RSS iconTwitter iconFacebook icon

TrekToday title image

Content filter

Want to find something specific?

Filter content by category

Filter content by date

Vulcan Wins!

Posted by T'Bonz - 26/02/13 at 10:02 am


Share |

The final tally for the vote to name two moons of Pluto is in, and Vulcan has outpaced all its competitors.

Vulcan, and the second-place finisher, Cerberus, were the two top vote getters, with only Vulcan receiving over one hundred thousand votes.

Vulcan received 174,062 votes, followed by Cerberus at 99,432 votes. Rounding out the top five are Styx (87,858), Persephone (68,969), and Orpheus (51,197). In all, 450,324 votes were submitted.

“174,062 votes and Vulcan came out on top of the voting for the naming of Pluto’s moons,” said William Shatner via Twitter. “Thank you to all who voted!”

Winning the contest does not mean that the winning names will automatically be used, however. But Mark Showalter, leader of the teams that discovered the tiny moons, temporarily named P4 and P5, said that he is leaning towards the popular vote.

On the Pluto Rocks website, Showalter asked voters to “please be patient now [as] it could take 1-2 months for the final names of P4 and P5 to be selected and approved.

Source: Pluto Rocksvia MSN

Tags: , ,

  • http://www.facebook.com/Ireland914 Daniel Ireland

    Pff… what a waste. Pluto’s not even a real planet. Vulcan deserves better.

  • SJStar

    Shatner is an idiot, and those proposing this story have hoodwinked the general public. There is no way in the universe that these names will become reality. Naming of bodies in the Solar System is controlled by the IAU / International Astronomical Union. On their site at http://www.iau.org/public/naming/ , it actually said;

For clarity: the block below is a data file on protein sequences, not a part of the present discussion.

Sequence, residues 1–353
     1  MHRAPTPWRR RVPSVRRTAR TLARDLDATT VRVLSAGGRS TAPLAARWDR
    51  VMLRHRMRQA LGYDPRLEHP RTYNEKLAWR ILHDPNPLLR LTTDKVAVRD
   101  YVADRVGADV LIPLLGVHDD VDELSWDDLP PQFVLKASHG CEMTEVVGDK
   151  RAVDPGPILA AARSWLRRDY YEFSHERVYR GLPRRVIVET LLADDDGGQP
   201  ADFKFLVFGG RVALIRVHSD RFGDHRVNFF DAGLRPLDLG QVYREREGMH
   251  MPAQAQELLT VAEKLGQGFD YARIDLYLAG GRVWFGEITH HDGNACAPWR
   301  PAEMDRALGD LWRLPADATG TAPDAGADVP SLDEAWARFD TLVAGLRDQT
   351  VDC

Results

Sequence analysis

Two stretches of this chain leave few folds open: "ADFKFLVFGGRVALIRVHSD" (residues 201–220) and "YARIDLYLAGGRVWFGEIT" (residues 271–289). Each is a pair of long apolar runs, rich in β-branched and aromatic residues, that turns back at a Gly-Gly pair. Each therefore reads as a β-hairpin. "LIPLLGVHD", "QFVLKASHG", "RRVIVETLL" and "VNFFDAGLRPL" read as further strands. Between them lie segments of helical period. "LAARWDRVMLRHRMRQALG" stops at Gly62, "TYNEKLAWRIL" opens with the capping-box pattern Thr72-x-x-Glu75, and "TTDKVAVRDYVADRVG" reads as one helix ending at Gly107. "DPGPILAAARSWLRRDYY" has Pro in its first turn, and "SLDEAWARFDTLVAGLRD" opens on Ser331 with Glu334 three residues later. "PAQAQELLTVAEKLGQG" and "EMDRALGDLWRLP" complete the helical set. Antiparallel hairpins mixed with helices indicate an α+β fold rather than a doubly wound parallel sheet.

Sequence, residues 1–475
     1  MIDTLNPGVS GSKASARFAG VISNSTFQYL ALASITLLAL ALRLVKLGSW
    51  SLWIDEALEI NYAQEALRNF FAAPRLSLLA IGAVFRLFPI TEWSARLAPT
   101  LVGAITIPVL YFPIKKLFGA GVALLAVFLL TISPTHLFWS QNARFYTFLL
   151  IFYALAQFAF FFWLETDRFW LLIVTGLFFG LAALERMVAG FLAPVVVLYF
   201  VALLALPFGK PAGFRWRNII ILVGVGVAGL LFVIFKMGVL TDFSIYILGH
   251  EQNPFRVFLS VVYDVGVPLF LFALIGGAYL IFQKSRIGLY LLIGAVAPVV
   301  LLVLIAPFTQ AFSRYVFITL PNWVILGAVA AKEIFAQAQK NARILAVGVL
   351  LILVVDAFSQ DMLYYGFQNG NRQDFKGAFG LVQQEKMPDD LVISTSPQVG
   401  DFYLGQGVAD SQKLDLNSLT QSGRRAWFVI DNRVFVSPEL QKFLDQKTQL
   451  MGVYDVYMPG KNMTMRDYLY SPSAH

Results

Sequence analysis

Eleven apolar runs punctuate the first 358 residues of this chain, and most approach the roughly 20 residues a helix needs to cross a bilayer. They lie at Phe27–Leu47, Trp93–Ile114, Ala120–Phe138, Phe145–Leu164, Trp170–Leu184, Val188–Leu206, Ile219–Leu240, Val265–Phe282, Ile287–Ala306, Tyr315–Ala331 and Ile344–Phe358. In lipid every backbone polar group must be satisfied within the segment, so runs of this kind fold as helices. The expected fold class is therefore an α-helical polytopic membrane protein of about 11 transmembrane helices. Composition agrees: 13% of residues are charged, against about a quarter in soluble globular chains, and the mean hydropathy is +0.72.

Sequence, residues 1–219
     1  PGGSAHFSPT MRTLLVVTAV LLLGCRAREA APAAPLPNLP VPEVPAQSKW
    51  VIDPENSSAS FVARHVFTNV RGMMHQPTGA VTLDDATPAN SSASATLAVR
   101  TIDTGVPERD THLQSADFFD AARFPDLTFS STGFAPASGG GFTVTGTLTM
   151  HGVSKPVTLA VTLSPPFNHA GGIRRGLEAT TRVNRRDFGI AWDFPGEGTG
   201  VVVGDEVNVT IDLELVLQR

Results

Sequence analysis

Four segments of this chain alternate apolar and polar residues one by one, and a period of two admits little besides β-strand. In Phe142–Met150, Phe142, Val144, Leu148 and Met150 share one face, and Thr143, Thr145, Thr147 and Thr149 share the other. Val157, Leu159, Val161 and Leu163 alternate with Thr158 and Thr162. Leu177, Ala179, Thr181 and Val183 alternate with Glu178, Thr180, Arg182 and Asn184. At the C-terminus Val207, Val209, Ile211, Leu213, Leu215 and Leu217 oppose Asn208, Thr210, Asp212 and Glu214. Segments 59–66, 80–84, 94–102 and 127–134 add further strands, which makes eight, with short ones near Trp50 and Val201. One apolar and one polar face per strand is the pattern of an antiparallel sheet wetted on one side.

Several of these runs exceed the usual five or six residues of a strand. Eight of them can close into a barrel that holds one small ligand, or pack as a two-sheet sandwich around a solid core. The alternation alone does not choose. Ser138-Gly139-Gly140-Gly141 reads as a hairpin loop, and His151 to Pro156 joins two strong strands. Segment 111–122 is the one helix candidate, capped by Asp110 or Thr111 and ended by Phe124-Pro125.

Anyone may suggest that a specific name be considered by a task group, but there is no guarantee that the name will be accepted. Names successfully reviewed by a task group are submitted by the task group chair to theWorking Group for Planetary System Nomenclature (WGPSN). Upon successful review by the members of the WGPSN, names are considered approved and can be used on maps and in publications. Approved names are immediately entered into the Gazetteer of Planetary Nomenclature, and posted on its web site. Any objections to these names based on significant, substantive problems must be forwarded in writing or email to the IAU Division III President within three months from the time the name was placed on the web site. Approved names are also listed in the transactions of the IAU.

    This will only be able to be finally confirmed and ratified by vote at the IAU General Assembly. The last was in Beijing, China in August 2012. The next one (the 29th) will be in Hawaii on 3-14 August, 2015. (The vote will be cast on 13th August 2015, actually, and by the nominated Committee representation.)